Though it is illegal to cut or harvest this precious wood in most Southeast Asian countries, wild populations continue to be under threat, as its value is so high. It is virtually impossible to determine which species are being traded as all Agarwood reported in trade is generally referred to as Aquilaria or A. Malaccensis. Eight species out of the fifteen Aquilaria species are known to produce Agarwood, though it primarily comes from AquilariaMalaccensis and AquilariaCrassna, both of which belong to the Thymelaeccae family. It is the AquilariaCrassna species that is found in the Lao PDR.

Resin producing trees like the AquilariaCrassna, are endangered throughout their known habitats across Southeast Asia. The main reason for L.A.I.D. operating their own plantations in the Lao PDR is to protect against unsustainable harvesting of natural forests that are resulting in the near extinction of this tree genus in the Lao PDR and elsewhere. AquilariaCrassna is now listed as a protected species in the Lao PDR.

L.A.I.D. trades and harvests according to the regulations set by CITES. (Convention on International Trade in Endangered Species of Wild Fauna and Flora)

Traditional Usage of Agarwood

  • The Agarwood resin is used by Traditional Chinese, Unani, Ayurvedic, and Tibetan physicians.
  • Used medicinally, agar oil is a remedy for nervous disorders such as neurosis, obsessive behavior, and exhaustion.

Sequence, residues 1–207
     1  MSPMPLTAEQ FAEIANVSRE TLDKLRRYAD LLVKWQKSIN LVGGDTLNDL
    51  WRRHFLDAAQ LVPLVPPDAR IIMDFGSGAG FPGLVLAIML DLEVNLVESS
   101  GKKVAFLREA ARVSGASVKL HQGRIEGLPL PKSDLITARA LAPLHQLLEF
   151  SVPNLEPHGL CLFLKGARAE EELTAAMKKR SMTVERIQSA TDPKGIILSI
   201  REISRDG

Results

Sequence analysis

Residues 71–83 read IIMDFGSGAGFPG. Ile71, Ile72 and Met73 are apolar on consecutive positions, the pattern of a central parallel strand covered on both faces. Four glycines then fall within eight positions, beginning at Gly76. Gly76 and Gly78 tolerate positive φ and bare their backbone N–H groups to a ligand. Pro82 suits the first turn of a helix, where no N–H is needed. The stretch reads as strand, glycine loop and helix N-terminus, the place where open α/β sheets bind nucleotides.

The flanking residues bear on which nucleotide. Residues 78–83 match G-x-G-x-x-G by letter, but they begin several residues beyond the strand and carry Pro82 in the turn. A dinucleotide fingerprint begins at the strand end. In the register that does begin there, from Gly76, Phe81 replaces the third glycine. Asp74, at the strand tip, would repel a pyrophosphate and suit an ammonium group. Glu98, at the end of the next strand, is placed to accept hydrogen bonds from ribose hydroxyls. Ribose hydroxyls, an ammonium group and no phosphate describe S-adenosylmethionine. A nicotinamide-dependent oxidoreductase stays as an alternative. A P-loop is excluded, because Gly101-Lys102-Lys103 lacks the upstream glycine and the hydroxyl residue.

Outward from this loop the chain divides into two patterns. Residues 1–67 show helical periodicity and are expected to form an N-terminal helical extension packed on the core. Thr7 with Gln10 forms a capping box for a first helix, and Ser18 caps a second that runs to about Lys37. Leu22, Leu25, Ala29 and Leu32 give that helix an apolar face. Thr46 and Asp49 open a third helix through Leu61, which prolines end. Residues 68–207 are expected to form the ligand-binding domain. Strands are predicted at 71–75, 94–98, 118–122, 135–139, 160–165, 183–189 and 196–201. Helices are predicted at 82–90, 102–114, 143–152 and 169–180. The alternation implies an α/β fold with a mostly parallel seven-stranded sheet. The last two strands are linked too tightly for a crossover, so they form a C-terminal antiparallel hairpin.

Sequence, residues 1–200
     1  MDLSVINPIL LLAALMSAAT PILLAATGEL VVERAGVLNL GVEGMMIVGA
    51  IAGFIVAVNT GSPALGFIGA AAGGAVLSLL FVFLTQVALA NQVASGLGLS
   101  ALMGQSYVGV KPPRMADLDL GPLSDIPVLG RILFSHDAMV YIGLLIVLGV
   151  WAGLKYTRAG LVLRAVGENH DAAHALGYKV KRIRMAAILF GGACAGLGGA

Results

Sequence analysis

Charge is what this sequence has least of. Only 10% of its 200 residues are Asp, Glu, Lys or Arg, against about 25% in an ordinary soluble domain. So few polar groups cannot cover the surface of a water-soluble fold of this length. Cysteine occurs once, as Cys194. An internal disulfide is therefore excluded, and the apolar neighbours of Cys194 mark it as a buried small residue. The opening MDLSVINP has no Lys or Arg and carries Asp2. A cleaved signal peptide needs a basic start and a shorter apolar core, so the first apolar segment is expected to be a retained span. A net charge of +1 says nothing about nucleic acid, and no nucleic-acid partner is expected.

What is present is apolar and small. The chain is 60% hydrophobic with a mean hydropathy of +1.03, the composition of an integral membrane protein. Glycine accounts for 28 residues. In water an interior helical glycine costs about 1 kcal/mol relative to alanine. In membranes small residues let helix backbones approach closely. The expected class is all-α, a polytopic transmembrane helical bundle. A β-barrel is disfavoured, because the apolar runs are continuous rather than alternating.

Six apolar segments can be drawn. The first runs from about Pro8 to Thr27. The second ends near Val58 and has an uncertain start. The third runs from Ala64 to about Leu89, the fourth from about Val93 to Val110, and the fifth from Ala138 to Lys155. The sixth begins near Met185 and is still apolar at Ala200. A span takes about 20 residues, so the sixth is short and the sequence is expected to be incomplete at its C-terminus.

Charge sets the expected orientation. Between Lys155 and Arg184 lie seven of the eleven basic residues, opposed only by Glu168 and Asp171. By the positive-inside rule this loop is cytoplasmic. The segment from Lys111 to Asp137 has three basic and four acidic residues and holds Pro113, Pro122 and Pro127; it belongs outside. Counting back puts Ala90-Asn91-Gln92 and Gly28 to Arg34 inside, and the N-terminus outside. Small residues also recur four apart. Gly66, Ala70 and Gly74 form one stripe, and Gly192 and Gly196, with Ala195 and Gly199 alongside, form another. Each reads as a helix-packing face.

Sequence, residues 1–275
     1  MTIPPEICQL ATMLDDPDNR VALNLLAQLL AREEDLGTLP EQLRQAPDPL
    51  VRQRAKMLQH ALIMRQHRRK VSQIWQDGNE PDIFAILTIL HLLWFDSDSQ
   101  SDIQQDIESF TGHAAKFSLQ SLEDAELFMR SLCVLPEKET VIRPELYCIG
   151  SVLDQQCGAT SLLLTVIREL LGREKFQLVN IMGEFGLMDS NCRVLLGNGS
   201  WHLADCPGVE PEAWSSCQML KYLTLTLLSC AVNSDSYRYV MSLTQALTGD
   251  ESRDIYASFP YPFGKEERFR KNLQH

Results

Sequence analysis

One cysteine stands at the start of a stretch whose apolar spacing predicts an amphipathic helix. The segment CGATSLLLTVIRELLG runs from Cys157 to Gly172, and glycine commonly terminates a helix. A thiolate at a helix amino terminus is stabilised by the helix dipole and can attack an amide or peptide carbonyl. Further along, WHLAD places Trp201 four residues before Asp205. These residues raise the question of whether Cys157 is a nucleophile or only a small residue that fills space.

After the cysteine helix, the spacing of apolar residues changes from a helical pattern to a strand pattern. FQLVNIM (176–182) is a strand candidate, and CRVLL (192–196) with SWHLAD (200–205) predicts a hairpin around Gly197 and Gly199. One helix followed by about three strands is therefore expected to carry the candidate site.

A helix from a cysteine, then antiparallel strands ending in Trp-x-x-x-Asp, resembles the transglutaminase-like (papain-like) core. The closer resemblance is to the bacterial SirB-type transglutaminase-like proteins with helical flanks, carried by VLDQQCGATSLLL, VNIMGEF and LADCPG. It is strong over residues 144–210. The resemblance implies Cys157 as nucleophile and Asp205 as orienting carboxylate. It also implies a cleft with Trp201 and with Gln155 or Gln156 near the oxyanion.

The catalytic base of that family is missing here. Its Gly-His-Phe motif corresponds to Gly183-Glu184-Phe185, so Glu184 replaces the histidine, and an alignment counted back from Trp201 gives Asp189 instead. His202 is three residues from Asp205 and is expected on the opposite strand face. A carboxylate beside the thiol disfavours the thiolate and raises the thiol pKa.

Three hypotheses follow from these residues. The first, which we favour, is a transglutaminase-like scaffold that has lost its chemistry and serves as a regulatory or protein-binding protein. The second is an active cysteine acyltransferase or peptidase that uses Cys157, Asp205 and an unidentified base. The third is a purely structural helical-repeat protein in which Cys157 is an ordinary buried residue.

• In Ayurvedic medicine it is used to treat a wide range of mental illness.
  • The Agarwood oil termed as ‘Oudh’ in the Middle East is highly valued for its fragrance, it is worn on clothes and skin during special occasions such as Eid and Friday prayers.
  • Agar oil is used in china for its psychoactive properties.
  • Many religious groups prize it as meditation incense. Tibetan monks use it to bring energy to the center and calm the mind and spirit.
  • In Japan, it is considered by many to be sacred, and is used to anoint the dead.
  • In Buddhism, it serves as a major ingredient in many incense mixtures, and it is considered to be one of the three integral incenses, together with sandalwood and cloves.

Agarwood in Medicinal Usage

Agar oil and its products have been used in modern medicine for various illnesses such as nausea, nerves regurgitation and weakness in the elderly, epilepsy, antimicrobial, carminative (gas), smallpox, rheumatism and illness during and after childbirth. It is also used as an aphrodisiac, diuretic or antimicrobial purpose. It relieves spasms in digestive and respiratory systems, shortness of breath, chills, general pains, lowers fever, asthma, cancer, colic, digestive and bronchial complaints, abdominal pain, diarrhea, cirrhosis of the liver and as a director or focuser for other medicines. It has also been used as a treatment for lung and stomach tumors.


Valerian is a natural component of Agarwood resin and relieves insomnia, calming the nervous system before sleep. Inhale the fragrance deeply and it will help you sleep better, in some Arab cultures this is the norm before going to sleep.